Pasos por la Historia / In History’s Footsteps

///Pasos por la Historia / In History’s Footsteps
Pasos por la Historia / In History’s Footsteps 2019-06-13T16:57:26+00:00

May 2019

City Organizer: Alejandra Martinez
Walk Leader: IMPLAN Torreon & Vision Metropoli
Text by: Jaime Allegre
Photographs by: Alejandra Ramirez

There is a common saying in our city that goes “we conquered the desert”, but that saying can only be understood until you spend a couple of hours under the sun, which is exactly what we did in the first ever Jane’s Walk in Torreon. Since this event was historic for the city, the theme for this walk was just about that…history.

At 6:30 pm, a group of 46 participants gathered in the corner of “Plaza Mayor” (Mayor Plaza) to begin the walk. Everyone seemed enthusiastic, people with bicycles, cameras, and even dogs were prepared to learn a little bit about their town. Not even a temperature of 37° C (98.6°F) was able to diminish the amount of participants that walked the entire 800 meters.

The route began with a brief explanation of the “Palacio Federal” (Federal Palace), which was built a couple of years after WWII. We were able to appreciate several sculptures and representations of soviet ideologies, such as industry, sports, and work. The building’s design had traces of soviet architecture, which was a surprise for most of us to learn that, being that we are so close to the border with Texas.

We continued the walk through the Morelos Avenue, which has a vehicular lane on one side, and a pedestrian lane on the other. Right in the middle of the entire avenue, a line of never-ending palm trees provides some shade and comfort to everyone who walks through the street. It was through those trees that we made our way during the event, stopping in a couple of places along the way to learn about the history of this iconic avenue.

La Morelos was one of the busiest and most important avenues in Torreon, and it still holds a special place in the city’s social and economic context. Even though there have been ups and downs, La Morelos is still a frequent gathering point for people in town. We learned that around 1907, the year Torreon was officially pronounced as a city, there was a considerable amount of cultural diversity in town because of migrants from all over the world, and the Methodist Temple of San Pablo is a clear example of it. Unlike other cities, Torreon was not predominantly catholic.

Throughout the walk, we made several stops in other iconic buildings, such as the Hotel Rio Nazas, which was considered as the most luxurious hotel of the city. Early in the 1920’s, it began as a municipal jail, but during the 1950’s, an architect named Carlos Gomez Palacio transformed the building into a beautiful and modern hotel. With a legendary logo, the lobby has murals that represent the economic foundations of our region. Cotton, wheat, and the might Nazas River, were represented in the murals allowing the group to imagine what life was like many years ago. We were all marveled by the old but fancy hotel, and with a big round of applause, we continued our walk.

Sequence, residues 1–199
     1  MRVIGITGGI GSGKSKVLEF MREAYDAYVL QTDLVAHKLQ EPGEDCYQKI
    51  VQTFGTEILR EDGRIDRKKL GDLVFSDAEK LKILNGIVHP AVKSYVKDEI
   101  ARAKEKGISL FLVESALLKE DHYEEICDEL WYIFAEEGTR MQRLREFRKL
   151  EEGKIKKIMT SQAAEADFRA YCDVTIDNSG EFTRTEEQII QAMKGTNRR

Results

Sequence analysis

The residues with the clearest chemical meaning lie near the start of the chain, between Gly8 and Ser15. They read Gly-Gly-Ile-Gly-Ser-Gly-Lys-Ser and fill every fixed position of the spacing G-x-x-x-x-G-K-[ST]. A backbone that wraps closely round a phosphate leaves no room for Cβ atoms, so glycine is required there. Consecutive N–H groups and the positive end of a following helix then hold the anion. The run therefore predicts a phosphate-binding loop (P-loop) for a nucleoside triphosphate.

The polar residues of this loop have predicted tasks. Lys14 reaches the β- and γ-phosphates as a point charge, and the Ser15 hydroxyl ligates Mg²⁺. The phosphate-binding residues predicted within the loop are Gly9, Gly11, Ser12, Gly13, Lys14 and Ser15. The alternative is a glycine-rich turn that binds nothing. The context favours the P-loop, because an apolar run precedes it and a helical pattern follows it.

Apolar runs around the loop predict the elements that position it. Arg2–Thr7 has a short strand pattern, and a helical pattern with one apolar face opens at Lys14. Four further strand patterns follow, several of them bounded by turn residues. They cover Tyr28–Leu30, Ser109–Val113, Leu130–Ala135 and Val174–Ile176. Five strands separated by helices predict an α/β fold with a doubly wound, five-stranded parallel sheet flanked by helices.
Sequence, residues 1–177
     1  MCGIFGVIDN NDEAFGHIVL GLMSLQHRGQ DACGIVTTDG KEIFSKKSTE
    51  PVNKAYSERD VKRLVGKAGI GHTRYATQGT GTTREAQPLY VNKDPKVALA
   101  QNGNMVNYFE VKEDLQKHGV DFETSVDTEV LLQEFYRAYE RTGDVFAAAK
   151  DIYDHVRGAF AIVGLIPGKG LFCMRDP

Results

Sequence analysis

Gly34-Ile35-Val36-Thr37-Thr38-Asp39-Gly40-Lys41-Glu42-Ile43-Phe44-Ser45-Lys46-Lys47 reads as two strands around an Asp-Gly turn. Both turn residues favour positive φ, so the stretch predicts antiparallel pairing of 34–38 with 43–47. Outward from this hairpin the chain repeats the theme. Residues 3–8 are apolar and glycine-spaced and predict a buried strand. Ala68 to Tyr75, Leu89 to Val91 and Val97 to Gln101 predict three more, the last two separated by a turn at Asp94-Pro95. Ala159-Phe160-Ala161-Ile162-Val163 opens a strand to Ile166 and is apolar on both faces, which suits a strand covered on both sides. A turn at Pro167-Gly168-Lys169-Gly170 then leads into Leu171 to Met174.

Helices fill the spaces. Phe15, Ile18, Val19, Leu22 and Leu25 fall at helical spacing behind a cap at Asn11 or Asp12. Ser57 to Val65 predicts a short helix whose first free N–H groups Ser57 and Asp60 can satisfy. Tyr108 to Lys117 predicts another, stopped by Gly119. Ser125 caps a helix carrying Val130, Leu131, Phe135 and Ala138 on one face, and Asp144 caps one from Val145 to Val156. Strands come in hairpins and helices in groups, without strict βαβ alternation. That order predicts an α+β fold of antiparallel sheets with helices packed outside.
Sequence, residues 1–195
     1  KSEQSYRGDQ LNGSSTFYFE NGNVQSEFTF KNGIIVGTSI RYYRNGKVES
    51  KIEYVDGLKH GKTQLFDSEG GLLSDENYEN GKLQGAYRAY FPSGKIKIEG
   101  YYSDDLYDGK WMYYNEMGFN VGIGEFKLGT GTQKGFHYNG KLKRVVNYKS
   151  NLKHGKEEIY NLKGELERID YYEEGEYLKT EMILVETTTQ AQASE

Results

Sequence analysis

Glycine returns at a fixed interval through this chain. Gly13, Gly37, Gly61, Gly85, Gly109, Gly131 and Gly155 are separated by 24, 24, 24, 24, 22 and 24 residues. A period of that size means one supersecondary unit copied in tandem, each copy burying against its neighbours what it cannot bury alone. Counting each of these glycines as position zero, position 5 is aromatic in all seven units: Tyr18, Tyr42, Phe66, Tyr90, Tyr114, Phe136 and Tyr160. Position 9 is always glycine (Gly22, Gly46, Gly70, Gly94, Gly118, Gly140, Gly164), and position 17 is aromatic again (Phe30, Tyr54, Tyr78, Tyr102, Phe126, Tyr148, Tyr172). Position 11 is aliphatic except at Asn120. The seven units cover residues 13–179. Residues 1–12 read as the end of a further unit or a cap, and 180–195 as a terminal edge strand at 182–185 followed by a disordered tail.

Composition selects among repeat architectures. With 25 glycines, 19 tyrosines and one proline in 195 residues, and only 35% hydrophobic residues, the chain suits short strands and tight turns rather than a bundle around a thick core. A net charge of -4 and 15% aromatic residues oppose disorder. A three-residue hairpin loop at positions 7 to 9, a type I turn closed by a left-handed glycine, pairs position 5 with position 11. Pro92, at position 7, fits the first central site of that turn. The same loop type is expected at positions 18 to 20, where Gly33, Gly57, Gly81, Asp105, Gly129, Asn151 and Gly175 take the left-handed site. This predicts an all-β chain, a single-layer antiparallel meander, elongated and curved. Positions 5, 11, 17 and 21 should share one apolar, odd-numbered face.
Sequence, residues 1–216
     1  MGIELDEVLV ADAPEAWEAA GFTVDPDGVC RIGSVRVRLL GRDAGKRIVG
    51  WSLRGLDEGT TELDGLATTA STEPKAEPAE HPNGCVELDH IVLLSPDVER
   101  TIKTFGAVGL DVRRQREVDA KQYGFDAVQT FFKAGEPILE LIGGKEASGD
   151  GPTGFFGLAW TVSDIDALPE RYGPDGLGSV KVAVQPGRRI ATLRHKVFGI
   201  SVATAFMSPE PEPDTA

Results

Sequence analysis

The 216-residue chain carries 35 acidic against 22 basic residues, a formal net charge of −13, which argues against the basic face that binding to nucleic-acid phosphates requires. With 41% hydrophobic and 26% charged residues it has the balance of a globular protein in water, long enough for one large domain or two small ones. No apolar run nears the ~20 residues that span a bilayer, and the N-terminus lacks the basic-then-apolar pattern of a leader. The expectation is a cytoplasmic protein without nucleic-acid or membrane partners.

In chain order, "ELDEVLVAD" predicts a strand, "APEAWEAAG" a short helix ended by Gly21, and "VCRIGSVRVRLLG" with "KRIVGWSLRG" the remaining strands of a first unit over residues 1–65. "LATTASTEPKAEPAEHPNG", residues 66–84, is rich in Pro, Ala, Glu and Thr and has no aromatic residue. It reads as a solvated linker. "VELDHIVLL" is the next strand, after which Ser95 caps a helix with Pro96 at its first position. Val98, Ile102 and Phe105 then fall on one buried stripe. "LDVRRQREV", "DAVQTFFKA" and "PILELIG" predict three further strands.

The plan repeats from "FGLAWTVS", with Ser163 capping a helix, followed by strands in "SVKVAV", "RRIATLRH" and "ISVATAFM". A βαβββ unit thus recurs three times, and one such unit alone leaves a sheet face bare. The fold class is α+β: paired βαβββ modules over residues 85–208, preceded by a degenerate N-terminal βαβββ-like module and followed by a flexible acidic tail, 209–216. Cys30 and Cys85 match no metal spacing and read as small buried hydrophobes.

Even though the sun started to set, the temperature was still quite high, and we kept walking past some other interesting buildings. It was hard to believe that just 40 to 50 years ago, young people would come to this avenue as a focal meeting point. Boys and girls would cruise in their brand new cars, and they would walk all around the Morelos hoping to meet that special someone. I don’t think anyone can calculate just how many marriages began in this place.

As we approached the end of the journey, we stopped in the Bank of Mexico building built in 1947. Back in that time, the economic activity was so strong in the region that the Federal government decided to place the offices of the national bank in Torreon. Out of all the cities in the north, Torreon and the region had the greatest economic growth and performance. Maybe someday we’ll get to be as important as we were back then.

Finally, we arrived at the Teatro Nazas, were there was one last reflection of our past. By working together for our region, we can make it thrive as if did in the past. We said goodbye by applauding those who spoke and taught us so much about this iconic avenue. It was a pleasant experience, and I’m sure everyone left eager to learn more their city and region.